Roger Federer: ‘I put a lot of energy into…’

During Wimbledon 2003, Roger Federer won his first Grand Slam tournament. With only one set lost in seven matches, the young Swiss dominated to claim the championship. Federer took a break before Montreal and Cincinnati after losing the Gstaad final to Jiri Novak in five sets.

Roger lost to Andy Roddick and David Nalbandian in successive Masters 1000 finals, missing out on a chance to become World No. 1 for the first time in his career. Federer had one last shot at reclaiming the ATP crown at the US Open, the season’s penultimate Major.

Roger was unsuccessful in getting his best performance in New York as he had been in previous years. Before losing to David Nalbandian in four sets (3-6, 7-6, 6-4, 6-3), he defeated Jose Acasuso, Jena-Rene Lisnard, and James Blake. The Argentine won their first encounter, a two-set match held in Cincinnati two weeks prior, by a score of 6-4, 6-4.

The two-hour-and-fifty-two-minute New York match featured numerous lengthy rallies and unforced errors from both players. Nalbandian got off to a good start but found himself down 5-0 in the second set after Federer suffered six breaks from 16 opportunities.

Though they were able to cut their deficit significantly, the Swiss ultimately lost the tiebreaker and consequently saw their momentum reverse. Nalbandian rode the momentum from the first two sets to win the next two and advance to the quarterfinals, leaving Roger winless on the North American swing.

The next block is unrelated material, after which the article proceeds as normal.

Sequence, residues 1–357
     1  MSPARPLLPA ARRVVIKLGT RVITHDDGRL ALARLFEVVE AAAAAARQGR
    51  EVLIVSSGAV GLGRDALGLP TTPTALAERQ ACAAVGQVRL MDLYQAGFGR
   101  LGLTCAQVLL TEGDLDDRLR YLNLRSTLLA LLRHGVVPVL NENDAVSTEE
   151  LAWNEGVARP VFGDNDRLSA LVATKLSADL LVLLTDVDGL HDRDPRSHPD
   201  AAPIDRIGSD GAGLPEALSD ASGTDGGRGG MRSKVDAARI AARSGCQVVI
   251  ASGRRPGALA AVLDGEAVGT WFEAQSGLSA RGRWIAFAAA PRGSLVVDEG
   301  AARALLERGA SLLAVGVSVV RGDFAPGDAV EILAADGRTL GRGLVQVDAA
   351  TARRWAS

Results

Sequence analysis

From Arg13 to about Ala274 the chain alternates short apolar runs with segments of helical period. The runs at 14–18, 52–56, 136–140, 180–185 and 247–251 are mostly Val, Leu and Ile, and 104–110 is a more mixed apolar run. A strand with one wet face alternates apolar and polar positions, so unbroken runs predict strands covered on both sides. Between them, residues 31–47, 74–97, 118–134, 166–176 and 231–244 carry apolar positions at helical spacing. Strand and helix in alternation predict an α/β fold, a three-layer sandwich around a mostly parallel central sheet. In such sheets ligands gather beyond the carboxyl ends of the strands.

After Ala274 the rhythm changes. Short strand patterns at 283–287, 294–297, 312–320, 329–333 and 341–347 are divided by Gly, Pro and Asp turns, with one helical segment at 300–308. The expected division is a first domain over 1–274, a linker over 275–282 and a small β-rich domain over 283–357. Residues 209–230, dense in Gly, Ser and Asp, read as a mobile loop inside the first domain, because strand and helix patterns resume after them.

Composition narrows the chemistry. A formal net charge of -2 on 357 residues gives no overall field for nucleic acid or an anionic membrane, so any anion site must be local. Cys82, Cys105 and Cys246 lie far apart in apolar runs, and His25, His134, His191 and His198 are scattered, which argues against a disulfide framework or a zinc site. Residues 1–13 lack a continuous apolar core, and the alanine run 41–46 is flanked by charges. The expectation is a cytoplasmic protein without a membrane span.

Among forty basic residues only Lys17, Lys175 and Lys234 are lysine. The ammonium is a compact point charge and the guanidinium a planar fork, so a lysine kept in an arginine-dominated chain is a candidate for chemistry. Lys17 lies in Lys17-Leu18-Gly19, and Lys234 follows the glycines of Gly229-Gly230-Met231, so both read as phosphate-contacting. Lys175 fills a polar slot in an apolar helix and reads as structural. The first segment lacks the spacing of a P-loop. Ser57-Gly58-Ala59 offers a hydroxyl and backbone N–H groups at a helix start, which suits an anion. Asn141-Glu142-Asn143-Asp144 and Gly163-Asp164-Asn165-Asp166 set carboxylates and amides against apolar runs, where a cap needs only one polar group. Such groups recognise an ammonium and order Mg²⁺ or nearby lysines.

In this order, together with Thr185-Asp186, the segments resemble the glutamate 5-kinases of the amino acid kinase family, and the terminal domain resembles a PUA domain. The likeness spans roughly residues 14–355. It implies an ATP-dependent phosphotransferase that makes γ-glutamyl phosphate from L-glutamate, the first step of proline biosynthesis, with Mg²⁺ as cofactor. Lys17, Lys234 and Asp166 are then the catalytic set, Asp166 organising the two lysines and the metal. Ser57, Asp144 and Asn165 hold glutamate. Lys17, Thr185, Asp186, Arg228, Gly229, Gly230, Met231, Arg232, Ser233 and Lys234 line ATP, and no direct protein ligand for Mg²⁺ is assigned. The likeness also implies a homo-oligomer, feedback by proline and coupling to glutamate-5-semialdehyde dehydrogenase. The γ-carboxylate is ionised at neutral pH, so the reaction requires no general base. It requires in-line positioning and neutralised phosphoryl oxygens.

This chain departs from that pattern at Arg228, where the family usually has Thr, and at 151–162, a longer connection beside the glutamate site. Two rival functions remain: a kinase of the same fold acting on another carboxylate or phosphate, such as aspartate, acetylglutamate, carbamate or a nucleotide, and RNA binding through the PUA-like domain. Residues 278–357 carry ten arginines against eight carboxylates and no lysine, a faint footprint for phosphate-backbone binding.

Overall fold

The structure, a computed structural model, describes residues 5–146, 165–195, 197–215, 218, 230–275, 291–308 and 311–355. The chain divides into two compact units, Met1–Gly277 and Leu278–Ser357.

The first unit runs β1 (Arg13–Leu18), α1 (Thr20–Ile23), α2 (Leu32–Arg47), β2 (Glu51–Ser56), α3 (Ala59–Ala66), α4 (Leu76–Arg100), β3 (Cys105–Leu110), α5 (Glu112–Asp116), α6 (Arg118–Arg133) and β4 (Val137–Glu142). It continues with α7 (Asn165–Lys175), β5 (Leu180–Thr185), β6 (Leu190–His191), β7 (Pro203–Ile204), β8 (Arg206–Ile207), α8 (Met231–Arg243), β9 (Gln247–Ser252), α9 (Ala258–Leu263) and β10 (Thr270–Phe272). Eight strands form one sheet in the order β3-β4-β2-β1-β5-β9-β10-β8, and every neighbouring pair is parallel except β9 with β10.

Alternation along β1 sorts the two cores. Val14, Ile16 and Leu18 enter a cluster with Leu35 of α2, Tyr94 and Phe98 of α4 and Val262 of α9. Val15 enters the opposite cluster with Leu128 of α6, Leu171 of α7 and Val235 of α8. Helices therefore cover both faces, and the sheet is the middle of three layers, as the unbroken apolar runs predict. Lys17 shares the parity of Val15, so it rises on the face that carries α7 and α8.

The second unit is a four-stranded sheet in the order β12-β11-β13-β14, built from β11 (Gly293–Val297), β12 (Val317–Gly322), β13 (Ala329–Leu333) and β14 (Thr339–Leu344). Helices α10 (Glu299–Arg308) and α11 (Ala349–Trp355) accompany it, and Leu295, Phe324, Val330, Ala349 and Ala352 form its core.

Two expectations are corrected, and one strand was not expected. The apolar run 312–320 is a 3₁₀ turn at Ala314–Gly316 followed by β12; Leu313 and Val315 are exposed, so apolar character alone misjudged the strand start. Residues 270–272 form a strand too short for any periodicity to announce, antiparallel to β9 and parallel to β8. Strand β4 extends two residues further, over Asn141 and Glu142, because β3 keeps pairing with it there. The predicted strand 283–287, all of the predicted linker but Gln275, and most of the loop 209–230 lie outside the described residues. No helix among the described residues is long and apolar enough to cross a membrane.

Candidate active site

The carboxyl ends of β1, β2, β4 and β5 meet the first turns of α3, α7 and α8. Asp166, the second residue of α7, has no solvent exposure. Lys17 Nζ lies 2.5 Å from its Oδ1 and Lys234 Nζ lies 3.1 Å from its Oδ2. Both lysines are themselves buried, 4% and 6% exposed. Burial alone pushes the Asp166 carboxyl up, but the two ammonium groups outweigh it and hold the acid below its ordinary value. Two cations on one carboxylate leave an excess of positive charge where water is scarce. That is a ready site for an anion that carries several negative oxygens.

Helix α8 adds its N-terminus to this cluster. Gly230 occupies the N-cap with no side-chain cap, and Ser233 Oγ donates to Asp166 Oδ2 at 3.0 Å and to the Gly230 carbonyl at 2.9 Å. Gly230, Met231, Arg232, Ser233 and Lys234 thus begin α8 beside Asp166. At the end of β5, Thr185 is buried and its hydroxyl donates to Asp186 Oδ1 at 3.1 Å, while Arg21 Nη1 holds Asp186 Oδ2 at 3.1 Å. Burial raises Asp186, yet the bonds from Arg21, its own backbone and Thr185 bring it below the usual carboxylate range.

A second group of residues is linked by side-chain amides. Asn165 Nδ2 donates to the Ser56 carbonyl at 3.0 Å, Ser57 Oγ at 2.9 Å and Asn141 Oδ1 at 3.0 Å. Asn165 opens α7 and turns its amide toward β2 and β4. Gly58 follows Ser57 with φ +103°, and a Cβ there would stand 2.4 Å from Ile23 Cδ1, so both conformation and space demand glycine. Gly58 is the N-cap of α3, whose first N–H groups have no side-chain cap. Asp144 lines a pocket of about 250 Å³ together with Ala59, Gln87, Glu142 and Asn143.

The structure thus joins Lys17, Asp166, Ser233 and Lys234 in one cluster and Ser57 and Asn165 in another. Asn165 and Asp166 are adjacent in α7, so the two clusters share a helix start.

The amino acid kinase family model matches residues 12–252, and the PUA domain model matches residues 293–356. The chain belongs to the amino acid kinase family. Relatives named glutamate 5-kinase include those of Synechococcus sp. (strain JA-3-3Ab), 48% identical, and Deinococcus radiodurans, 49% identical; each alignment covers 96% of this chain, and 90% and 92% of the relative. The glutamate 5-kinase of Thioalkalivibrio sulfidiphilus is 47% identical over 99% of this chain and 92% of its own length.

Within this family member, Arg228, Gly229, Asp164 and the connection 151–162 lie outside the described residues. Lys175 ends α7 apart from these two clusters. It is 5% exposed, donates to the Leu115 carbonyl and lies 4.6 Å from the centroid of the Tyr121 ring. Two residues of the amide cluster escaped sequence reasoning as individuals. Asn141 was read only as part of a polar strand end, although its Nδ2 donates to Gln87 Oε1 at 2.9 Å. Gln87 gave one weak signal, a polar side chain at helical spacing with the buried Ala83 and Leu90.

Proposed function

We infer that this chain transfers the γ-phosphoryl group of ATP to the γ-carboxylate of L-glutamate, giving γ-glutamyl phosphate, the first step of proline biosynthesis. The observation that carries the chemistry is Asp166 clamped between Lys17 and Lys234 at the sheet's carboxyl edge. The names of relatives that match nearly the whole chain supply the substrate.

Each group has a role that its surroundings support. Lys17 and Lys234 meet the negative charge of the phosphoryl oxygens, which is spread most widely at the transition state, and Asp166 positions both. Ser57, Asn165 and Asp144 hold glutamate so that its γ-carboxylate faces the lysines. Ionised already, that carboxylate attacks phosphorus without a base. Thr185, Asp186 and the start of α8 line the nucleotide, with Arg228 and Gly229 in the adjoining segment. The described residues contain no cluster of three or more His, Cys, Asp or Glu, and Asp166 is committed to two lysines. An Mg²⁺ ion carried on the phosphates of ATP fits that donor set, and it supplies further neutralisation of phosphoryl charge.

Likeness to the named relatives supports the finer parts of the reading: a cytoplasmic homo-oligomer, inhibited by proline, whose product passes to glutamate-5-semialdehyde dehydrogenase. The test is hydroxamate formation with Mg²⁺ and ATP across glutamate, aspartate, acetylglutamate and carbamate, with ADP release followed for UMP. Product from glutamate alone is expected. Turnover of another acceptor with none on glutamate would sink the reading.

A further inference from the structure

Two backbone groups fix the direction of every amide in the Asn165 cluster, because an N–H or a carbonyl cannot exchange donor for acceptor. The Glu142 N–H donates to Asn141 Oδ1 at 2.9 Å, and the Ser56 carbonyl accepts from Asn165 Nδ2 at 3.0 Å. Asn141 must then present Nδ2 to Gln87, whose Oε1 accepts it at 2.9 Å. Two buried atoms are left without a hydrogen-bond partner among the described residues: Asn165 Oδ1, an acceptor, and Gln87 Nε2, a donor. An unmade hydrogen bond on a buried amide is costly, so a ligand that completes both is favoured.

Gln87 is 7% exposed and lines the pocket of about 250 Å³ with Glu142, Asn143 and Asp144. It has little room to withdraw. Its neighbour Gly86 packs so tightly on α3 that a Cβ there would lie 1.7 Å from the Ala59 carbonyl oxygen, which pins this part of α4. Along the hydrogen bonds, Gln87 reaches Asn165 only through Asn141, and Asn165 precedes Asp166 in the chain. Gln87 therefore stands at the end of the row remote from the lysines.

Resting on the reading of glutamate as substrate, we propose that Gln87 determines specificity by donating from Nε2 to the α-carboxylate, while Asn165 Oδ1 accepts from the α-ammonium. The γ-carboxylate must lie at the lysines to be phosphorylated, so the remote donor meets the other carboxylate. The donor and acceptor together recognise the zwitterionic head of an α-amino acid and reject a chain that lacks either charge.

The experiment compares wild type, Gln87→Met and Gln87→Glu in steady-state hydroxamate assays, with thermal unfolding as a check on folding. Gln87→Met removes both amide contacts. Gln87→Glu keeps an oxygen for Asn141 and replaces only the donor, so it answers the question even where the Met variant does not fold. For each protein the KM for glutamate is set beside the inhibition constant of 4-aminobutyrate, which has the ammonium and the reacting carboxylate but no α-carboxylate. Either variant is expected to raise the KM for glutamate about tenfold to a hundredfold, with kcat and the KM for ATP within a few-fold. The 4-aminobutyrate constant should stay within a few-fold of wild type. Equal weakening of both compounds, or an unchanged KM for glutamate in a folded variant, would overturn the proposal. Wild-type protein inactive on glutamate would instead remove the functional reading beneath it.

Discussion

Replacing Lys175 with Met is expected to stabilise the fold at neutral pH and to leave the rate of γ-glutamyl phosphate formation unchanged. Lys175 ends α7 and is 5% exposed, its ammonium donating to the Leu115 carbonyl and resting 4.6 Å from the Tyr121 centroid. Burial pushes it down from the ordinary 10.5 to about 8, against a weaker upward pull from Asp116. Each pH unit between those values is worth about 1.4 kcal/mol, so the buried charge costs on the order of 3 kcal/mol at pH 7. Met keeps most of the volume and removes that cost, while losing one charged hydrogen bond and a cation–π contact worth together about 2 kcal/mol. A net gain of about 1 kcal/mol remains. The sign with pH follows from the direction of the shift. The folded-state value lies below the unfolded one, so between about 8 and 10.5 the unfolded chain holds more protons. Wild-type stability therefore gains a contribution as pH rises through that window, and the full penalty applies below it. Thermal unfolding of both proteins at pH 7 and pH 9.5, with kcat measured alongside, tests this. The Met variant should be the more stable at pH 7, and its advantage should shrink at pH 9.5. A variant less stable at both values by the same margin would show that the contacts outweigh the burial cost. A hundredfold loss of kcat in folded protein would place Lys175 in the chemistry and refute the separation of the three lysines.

The latest defeat doesn’t mean much to me because I’ve experienced many others like it before.

Federer is eager to make a return.

The time of Roger Federer’s comeback is rapidly drawing near. From September 23-25, he’ll be at the O2 Arena in London for the fifth annual Laver Cup, which he considers “his.”

After that, on October 22-30, he will compete in his hometown tournament in Basel, and then, if he’s feeling good, he’ll start thinking about 2023. Despite this, the Swiss (who will turn 41 in August) was candid with the Dutch newspaper Algemeen Dagblad about his plans to retire.

“I enjoy winning, but if you’re not giving it your all, it’s time to call it quits. There’s no need for tennis in my life. When my son does well or when my daughter brings home a good grade, I find joy in those moments.

I am not solely defined by my tennis experience. I care a lot about my business and want it to succeed; sometimes I put in more effort than is healthy, but that happens everywhere, not just in sports. It’s fine with me if my professional career doesn’t last forever,” Roger, who is sizing up in the early fall, said.